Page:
- Separable Taste Shocks. Shocks to (current or future) housing tastes that do not affect substitution patterns in the non-residential sector will have no aggregate wealth effect. As Buiter (2008) explains, persons long housing will gain when tastes shift toward housing (and thereby increase housing prices), and persons short housing will lose. [non-technical version: if your taste for housing also affects your willingness to work, then the non-residential sector will be affected, although we would not call the effect a "wealth effect".]
- Shocks to the Production Set. A larger production set can increase housing prices, and is an aggregate wealth effect by any definition. The wealth effect calculations I made with Luke Threinen are most easily interpreted in such a model, although they can also be interpreted as the result of redistribution created by separable taste shocks.
- "Distortion" shocks that move the economy closer to the frontier of the production set. Increasing housing subsidies can both increase housing prices and look like an adverse wealth effect from the perspective of household behavior in the non-residential sector. Nonseparable taste shocks may have similar effects.
Changes in the production set or changes in the distance between the market allocation and the production frontier involve wealth effects by any definition. An example: the arrival of information about the technology for producing housing services. People may learn that the technology will advance, which causes a boom in housing prices and a favorable wealth effect. The market may initially believe that banks can streamline the mortgage process and thereby facilitate home-ownership for small home-owners. Or it may believe that the real estate brokerage industry will become more productive. Good news like this boosts housing prices and is an aggregate wealth effect. If the market later learns that ultimately the technological advance will not work (e.g., learn that small homeowners are really more expensive to service than initially thought), housing prices crash and there is an adverse wealth effect.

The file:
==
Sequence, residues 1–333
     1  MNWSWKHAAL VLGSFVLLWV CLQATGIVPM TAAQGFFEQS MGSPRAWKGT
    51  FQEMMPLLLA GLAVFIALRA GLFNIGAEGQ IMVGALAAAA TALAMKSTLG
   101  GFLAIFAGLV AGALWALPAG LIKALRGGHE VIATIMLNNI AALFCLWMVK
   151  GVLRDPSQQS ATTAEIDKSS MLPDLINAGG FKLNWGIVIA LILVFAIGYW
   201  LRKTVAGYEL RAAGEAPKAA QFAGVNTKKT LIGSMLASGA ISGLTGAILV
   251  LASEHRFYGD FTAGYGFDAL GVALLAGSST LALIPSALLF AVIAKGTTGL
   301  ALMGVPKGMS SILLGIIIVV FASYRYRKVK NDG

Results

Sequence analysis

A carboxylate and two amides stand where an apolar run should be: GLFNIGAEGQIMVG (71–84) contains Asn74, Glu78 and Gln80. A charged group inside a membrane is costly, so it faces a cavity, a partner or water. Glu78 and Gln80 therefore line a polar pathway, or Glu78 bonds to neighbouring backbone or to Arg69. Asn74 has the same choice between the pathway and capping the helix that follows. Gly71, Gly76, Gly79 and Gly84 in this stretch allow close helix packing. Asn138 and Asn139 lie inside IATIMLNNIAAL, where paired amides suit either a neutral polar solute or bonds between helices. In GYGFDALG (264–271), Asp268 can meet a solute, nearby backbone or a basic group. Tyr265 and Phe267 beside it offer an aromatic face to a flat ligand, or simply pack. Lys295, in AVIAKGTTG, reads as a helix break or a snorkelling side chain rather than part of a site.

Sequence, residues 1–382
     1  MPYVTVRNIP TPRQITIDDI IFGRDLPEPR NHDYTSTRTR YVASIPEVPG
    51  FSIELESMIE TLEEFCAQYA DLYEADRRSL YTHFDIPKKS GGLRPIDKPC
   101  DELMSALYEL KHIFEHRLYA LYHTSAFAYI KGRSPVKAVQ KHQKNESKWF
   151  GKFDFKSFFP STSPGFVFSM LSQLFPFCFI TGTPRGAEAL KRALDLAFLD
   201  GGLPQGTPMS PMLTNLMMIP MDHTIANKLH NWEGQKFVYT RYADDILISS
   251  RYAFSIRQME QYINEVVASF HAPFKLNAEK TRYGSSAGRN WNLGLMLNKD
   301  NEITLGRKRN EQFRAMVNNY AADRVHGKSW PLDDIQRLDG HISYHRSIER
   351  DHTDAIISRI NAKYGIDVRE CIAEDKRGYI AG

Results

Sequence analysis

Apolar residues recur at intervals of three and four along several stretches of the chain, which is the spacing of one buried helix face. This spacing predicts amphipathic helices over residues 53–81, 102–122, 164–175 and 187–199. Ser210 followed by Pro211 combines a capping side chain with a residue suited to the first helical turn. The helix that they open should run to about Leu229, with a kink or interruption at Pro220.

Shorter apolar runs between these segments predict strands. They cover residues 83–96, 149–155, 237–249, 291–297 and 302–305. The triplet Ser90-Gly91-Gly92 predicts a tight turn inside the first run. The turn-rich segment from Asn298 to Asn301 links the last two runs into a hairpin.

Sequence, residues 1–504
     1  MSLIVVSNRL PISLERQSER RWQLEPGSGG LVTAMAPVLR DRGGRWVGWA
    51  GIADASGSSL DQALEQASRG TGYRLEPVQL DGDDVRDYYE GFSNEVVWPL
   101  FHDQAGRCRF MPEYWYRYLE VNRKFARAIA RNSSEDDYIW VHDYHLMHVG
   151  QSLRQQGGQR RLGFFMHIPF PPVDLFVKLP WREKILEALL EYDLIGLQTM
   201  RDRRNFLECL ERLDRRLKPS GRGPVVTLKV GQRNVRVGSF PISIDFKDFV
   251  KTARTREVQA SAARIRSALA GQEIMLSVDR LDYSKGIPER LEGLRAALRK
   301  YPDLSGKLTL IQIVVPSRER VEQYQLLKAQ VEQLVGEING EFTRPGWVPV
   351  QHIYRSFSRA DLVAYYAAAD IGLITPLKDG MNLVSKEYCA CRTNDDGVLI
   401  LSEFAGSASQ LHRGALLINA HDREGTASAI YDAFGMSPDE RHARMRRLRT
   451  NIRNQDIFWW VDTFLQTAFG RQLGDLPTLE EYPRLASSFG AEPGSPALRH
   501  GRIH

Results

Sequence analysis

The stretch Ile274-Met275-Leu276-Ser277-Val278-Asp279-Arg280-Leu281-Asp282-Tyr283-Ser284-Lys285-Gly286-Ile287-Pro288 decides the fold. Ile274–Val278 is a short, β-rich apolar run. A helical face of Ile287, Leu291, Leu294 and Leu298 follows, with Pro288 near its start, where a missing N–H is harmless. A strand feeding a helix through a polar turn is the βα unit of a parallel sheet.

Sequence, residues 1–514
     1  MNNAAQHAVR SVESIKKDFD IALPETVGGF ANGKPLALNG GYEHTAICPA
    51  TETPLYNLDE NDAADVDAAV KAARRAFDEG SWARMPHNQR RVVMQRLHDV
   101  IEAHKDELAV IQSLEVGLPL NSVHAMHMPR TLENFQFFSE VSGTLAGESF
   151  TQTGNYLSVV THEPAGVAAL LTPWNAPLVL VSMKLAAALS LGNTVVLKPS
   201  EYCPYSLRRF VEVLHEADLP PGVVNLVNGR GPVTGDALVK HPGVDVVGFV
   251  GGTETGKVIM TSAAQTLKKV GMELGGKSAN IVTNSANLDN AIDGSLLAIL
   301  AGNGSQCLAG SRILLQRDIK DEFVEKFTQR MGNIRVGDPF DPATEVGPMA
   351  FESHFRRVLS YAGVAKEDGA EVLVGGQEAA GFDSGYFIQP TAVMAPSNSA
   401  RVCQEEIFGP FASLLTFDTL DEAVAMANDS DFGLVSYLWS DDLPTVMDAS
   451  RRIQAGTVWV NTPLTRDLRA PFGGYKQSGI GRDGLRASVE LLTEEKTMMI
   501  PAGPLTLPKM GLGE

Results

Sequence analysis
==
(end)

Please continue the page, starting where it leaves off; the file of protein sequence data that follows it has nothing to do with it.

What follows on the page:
This conclusion might appear to disagree with Buiter (2008), which argues that changes in housing prices are not wealth effects in the sense that they do not enter the demand for non-housing goods because housing is both an asset and a consumption good. Buiter emphasizes that someone will consume the housing stock – even if it isn’t the current owners – and those prospective consumers gain from a housing price crash even while the current owners lose. I agree that housing prices changes that reflect changes in the current or expected future (separable) preferences for housing are ultimately redistributive. Demand changes are not changes in the production set or changes in the distance between the market allocation and the production frontier. But it is quite possible that the shocks that created the housing boom prior to 2006 and the housing price crash that followed were technological or public policy driven. A technology shock will have aggregate wealth effects, and a public policy shock might too.
 Another question is whether the persons short housing are represented in today’s economy (maybe they are unborn, or live abroad, or only exist in the imagination of exuberant housing investors), but my purpose here is not to reclassify a redistributive wealth effect as an aggregate one.